Well do I remember attending an important international symposium. The speaker was one of the world’s leading scholars, addressing a learned society with faculty representatives from major universities near and far. He said, in effect, that libraries of the world are being filled with case histories and anecdotal research. He pled for a significant change in direction. “What we need,” he said, “is research in things that really matter. We need to learn more about why we are here, where we have come from, and where we are going!”

That unforgettable address comes to mind each time I hear teachers at Primary and mothers at home enlighten children with revealed answers to these same questions. While so doing, they bear firm testimonies of the divinity of the Lord, Jesus Christ.

Of course, there are times when a woman’s ability to endure is taxed to the limit. A teacher may have had enough of childish pranks, or a mother might be heard to say she’s “ready to resign.” She could become discouraged, especially if comparing herself unrealistically to others or focusing on what she is to do instead of on what she is to be.

Her self-esteem cannot be based on physical features, possession or lack of a particular talent, or comparative quantities of anything. Her self-esteem is earned by individual righteousness and a close relationship with God. Her outward glow is generated by goodness within. And her patience is much more apparent than any imperfection. (See D&C 67:13.)

Sweet serenity is found in fervent prayer. Then, we forget ourselves and remember the reaching hands of the Savior, who said, “Come unto me, all ye that labour and are heavy laden, and I will give you rest.” (Matt. 11:28.) As our burdens are shared with Him, they do become lighter.

Feelings of worth come when a woman follows the example of the Master. Her sense of infinite worth comes from her own Christlike yearning to reach out with love, as He does.

When her husband, children, grandchildren, nieces, or nephews return from a day marred by the world’s rude realities, a loving woman can say, “Come unto me. I will give you rest.” Wherever she is can become a sanctified place, safe from the storms of life. Refuge is there because of her ability to nurture and to love unconditionally.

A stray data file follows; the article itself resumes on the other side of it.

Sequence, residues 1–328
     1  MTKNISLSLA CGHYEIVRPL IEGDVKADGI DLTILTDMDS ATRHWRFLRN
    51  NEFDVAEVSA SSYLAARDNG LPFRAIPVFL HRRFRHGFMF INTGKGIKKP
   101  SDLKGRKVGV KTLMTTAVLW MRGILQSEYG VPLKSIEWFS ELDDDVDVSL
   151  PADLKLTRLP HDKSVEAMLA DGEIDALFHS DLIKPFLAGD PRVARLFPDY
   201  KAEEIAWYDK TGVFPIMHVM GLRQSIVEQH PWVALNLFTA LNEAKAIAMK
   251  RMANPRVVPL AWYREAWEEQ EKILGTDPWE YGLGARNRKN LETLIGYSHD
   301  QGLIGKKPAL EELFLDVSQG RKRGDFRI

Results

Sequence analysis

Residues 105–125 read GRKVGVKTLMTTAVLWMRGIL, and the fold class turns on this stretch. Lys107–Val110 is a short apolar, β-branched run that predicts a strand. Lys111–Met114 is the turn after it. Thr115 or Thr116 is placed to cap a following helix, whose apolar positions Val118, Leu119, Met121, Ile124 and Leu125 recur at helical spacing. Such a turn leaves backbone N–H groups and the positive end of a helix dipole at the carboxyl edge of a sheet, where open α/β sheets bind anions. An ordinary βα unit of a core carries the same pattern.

Sometimes this true love necessarily takes the tone of tough love. Her lessons of obedience and accountability must resemble those of her Master, who said, “If ye love me, keep my commandments.” (John 14:15; see also Ex. 20:6; Deut. 5:10; Mosiah 13:14; D&C 46:9; D&C 124:87.)

The Good Shepherd said, “Feed my lambs.” (John 21:15.) So a woman feeds her loved ones, providing succor and sustenance just as the Savior would do. Her divine gift is to nurture, to help the young, to care for the poor, to lift the brokenhearted.

The Lord said, “My work and my glory [is] to bring to pass the immortality and eternal life of man.” (Moses 1:39.) So His devoted daughter-disciple may truly say, “My work and my glory is to help my loved ones reach that heavenly goal.”

To help another human being reach one’s celestial potential is part of the divine mission of woman. As mother, teacher, or nurturing saint, she molds living clay to the shape of her hopes. In partnership with God, her divine mission is to help spirits live and souls be lifted. This is the measure of her creation. It is ennobling, edifying, and exalting.

Her saintly calling is opposed by Satan. He would shatter the family unit and demean the worth of woman. He would triumph if one man would offend or fail to honor her, or if one woman would deny her infinite worth and behave beneath her dignity. The vulgar portrayal of her beauty as an object of lust, the vile invasion of her private purity, should provoke righteous indignation from all caring people.

The gospel has been restored in these latter days so that the light of the Lord can prevail over efforts of the adversary. This day has long been prophesied. The Lord has promised worthy Saints of our time: “Upon the servants and upon the handmaids in those days will I pour out my spirit.” (Joel 2:29.)

A woman’s richest rewards will come as she rises to fulfill her destiny as a devoted daughter of God. To all faithful Saints He has promised thrones, kingdoms, principalities, glory, immortality, and eternal lives. (See Rom. 2:7; D&C 75:5; D&C 128:12, 23; D&C 132:19.) That is the potential for women in The Church of Jesus Christ of Latter-day Saints. It is exalting, everlasting, and divine.

God bless us to honor each woman in her divine mission as a woman of infinite worth, I pray in the name of Jesus Christ, amen.